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Come Sail Away (Part Three) – “This sounds like a coup”

Come Sail Away (Part Three) – “This sounds like a coup” January 8, 2021

(Part One of Come Sail Away is here, Part Two is here.)

As the guests leave the dining hall, most of them head toward the back of the ship, where the live Christian music concert will start in a few minutes. You stroll in the opposite direction, eager for some quiet. You need to sort out your thoughts.

Up ahead, you see a small group also heading away from the crowd, and you recognize the blonde woman who’d introduced the captain tonight, and a few men in dark suits. Among them is the captain himself.

On a whim, you follow them, close enough to hear their conversation, but far enough to be out of sight in the dim lighting of the corridor.

“Sir, you sure know how to mesmerize a crowd,” says one of the men.

The captain replies, his raspy voice animated, “I told you the Christians love me! They were eating out of my hand.” He puts his arm around the woman’s waist. “Sophie, what did you think? Was I great?”

“You were beyond great,” the woman chuckles. “You have them right where you want them.”

What does that mean, you wonder. Instantly you realize you must stay with these people as long as you can. Something’s not right, and you need to find out what it is.

As you expected, they head toward the first class cabins. The Captain stops first and opens his door on the left – Room 337, you recall – and the others go a little farther and enter room 342 on the right. As soon as both doors are closed, you tiptoe past and slip into the alcove just beyond 342.

Sure enough, you can hear the voices clearly.

Debrief

“Well,” says Sophie, “that just happened.”

“Yeah,” one of the men replies. “You can make them forget the Golden Rule if you know how to distract them.”

Another male voice adds, “It’s not rocket science.”

“The Captain told us they’d fall for it,” the woman reminds them. “Some of us thought the Christians would reject his whole premise. But some of us were wrong, weren’t we?”

A third male voice replies sheepishly, “My bad. I will never doubt again.”

Just then, you hear footsteps in the hall, followed by a knock, and the raspy-voiced Captain enters the room to polite applause.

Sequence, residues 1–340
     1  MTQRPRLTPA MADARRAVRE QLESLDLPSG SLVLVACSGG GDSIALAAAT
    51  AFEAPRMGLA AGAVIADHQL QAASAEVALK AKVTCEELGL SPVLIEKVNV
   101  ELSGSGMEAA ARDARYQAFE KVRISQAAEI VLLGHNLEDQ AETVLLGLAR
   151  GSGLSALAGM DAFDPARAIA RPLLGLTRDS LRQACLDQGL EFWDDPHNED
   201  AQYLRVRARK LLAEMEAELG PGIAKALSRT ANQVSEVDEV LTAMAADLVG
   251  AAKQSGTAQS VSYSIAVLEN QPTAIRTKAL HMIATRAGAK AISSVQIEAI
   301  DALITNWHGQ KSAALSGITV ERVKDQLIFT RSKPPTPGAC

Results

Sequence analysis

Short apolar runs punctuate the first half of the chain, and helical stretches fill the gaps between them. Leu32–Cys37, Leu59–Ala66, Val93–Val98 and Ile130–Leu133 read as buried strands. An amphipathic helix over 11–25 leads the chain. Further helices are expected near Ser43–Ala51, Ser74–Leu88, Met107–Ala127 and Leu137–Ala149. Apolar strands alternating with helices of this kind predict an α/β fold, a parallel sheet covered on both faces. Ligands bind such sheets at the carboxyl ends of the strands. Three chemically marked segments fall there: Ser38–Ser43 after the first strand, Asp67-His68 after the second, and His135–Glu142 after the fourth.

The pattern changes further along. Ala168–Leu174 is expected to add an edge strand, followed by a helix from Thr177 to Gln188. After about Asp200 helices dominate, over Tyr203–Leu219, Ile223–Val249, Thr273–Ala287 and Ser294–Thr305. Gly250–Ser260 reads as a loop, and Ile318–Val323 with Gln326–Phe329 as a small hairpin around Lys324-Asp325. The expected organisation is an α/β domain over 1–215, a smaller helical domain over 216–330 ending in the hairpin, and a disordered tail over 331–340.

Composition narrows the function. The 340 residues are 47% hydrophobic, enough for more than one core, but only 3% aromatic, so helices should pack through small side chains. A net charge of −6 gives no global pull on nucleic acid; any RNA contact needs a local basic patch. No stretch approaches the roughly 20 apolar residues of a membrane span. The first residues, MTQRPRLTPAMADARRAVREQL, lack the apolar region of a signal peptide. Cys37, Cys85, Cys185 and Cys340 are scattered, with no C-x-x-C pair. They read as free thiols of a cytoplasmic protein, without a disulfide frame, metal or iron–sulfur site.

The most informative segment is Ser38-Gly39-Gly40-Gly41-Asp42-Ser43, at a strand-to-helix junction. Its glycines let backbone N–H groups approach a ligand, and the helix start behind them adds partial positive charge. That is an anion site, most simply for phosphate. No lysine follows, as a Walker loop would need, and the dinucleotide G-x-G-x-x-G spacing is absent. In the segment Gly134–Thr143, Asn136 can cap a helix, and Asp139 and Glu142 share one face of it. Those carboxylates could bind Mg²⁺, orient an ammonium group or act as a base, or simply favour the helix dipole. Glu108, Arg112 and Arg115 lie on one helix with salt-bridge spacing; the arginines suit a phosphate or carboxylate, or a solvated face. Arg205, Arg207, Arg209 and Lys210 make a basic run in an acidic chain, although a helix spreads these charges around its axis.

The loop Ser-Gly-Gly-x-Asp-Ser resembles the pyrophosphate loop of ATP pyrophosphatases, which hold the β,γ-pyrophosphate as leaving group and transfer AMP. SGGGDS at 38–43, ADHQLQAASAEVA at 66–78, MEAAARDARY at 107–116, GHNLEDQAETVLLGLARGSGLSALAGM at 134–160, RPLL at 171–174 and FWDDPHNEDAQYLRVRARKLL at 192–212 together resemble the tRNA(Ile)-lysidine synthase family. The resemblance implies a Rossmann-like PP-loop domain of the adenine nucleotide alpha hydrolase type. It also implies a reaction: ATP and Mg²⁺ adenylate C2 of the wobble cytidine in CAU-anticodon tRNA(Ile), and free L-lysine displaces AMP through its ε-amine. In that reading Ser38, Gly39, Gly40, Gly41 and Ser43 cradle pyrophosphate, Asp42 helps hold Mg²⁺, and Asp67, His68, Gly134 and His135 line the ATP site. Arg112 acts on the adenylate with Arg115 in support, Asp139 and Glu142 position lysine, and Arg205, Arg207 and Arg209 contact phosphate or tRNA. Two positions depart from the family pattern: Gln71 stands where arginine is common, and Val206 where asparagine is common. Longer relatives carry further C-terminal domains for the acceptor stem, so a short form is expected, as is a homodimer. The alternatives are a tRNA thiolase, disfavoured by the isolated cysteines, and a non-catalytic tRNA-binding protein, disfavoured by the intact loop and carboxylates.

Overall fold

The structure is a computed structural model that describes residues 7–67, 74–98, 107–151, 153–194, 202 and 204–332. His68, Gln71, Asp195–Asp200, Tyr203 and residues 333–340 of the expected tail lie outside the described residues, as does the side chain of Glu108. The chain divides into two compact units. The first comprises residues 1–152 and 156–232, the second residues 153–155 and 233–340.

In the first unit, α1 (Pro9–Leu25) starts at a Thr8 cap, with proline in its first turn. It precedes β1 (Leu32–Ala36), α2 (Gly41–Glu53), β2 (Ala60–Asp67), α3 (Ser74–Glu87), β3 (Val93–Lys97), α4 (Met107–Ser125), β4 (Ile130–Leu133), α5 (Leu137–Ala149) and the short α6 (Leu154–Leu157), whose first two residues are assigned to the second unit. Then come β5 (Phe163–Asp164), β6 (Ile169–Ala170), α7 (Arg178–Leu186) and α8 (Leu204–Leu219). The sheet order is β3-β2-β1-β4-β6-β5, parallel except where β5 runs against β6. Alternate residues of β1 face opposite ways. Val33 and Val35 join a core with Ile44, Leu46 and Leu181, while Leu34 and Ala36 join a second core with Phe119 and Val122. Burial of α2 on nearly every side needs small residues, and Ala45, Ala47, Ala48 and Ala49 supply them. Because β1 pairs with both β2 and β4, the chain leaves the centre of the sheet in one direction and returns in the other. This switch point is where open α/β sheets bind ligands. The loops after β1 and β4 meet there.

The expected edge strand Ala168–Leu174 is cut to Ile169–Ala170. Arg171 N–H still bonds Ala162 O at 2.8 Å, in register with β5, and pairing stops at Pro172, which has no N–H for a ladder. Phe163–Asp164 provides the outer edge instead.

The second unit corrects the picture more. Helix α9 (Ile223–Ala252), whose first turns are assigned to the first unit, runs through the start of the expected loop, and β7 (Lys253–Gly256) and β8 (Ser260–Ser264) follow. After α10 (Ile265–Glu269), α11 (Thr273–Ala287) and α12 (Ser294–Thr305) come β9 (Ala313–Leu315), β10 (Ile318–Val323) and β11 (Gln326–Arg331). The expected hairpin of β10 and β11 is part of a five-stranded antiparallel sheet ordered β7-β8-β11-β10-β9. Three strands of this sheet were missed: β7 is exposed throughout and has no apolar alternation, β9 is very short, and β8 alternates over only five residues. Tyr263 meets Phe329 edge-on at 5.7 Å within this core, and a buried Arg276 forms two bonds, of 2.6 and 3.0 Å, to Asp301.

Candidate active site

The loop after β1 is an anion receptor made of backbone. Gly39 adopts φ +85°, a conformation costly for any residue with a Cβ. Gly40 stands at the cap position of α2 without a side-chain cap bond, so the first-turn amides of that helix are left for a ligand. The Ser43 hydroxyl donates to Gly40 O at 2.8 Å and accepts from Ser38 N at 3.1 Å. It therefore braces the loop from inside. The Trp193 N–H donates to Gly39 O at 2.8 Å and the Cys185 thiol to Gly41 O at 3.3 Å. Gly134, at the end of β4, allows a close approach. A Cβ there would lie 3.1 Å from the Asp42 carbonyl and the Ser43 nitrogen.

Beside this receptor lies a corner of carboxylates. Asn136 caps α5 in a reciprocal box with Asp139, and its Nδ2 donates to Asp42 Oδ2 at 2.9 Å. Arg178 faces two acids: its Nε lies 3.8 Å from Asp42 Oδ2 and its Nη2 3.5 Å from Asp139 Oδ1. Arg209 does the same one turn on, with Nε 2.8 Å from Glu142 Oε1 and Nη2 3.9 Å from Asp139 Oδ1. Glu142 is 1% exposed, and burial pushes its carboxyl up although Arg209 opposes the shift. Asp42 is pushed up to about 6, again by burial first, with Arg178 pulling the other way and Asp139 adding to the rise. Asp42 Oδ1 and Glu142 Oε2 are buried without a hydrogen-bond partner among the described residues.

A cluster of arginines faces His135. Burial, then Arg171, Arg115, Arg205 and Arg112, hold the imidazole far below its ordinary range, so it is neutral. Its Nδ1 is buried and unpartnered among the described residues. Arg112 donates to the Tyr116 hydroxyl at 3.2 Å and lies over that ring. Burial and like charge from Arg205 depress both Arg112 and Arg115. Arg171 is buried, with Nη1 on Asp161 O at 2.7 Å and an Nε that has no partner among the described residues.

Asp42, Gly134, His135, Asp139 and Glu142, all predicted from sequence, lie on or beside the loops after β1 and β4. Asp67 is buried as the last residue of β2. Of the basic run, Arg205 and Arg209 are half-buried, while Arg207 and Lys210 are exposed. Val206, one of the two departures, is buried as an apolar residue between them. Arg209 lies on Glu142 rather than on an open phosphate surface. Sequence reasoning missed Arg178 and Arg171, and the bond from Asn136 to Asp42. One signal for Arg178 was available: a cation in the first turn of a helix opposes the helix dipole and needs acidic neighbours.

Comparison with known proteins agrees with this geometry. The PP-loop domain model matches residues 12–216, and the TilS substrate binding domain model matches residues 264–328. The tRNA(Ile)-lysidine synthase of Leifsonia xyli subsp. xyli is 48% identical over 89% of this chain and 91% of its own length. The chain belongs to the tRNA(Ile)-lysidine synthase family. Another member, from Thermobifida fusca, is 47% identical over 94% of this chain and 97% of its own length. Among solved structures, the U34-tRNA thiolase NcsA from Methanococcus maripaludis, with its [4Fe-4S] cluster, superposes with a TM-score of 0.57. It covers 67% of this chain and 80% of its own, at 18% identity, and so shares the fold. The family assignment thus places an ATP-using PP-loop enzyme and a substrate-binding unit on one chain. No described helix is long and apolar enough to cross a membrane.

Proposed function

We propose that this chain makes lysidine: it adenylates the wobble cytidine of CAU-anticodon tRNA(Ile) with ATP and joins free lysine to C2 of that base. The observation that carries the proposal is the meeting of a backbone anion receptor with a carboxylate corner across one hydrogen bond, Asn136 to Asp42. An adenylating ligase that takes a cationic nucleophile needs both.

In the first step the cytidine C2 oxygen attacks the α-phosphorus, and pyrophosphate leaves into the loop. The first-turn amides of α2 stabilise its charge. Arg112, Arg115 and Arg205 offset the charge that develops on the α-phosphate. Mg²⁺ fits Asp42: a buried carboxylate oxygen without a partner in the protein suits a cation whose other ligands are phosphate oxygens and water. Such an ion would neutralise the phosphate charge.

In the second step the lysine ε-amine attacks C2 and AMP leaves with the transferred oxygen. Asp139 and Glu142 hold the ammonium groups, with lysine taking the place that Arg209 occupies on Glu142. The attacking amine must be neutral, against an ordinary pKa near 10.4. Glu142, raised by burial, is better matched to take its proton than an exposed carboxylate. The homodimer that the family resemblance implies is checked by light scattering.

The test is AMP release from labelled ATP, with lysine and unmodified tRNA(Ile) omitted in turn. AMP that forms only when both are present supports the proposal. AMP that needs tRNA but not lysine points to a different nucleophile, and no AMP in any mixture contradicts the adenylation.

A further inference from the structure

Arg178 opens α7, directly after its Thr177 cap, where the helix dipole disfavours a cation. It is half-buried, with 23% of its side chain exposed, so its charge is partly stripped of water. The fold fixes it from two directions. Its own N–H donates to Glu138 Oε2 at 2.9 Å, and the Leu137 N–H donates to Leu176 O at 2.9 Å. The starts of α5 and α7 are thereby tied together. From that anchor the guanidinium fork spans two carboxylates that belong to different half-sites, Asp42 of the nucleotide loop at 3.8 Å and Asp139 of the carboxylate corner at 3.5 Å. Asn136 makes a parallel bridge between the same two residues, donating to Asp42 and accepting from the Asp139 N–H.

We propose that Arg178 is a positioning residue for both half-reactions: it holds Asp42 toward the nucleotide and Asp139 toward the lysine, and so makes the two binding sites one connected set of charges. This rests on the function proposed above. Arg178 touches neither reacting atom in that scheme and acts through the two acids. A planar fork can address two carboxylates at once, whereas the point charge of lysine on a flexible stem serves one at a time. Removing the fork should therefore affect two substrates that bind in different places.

“Did you see me up there?” he asks. “They loved me. I could have talked all night! Henry?”

“Yes, sir,” the third man answers.

“Half-wit Henry, you’re fired. Go to your cabin, or go to the concert. I don’t care. Just get out.”

“Sir, I-I’m…”

“And the rest of you, take note. Nobody can do this but me. You have to trust me.”

There is silence in the room, except for the sound of the cabin door closing, then footsteps disappearing down the hall. Poor Half-wit Henry, you think.

“All right,” continues the Captain. “The Bible people have marching orders for their thing tomorrow? They’ll reinforce what I said tonight. That Romans thing was really something! I couldn’t have written it better myself!”

Sophie confirms, “Yes, they will cover all of that tomorrow in the Bible studies and the prayer meetings. We…”

The Captain interrupts, “Great. I need a drink.”

Sophie says in a low voice, “Captain, we have some things to talk about. Some problems.”

captain
“Bahamas Cruise” by brettneilson is licensed under CC BY 2.0

The “bug”

You press your ear against the wall, startled by the mention of alcohol – but much more by the word “problems.”

“Give me the condensed version. I’m too tired for a long, drawn-out story.”

“Well sir,” says one of the men, “there’s some kind of bug going around. A number of crew members have gotten sick.”

“Is it serious?”

“Some have gotten pretty sick, some are not too bad. I think some were sick before we left. People on the mainland are sick too – quite a few.”

“Maybe we should pray about it!” quips another man. There isn’t much laughter this time.

The Captain is not amused. “Listen, we have a lot of important work to do on this voyage, and we’re not going to let a bug slow us down. I don’t want the passengers to know about it. I’m sure it’ll blow over, but meanwhile, keep them happy and focused. Good night.”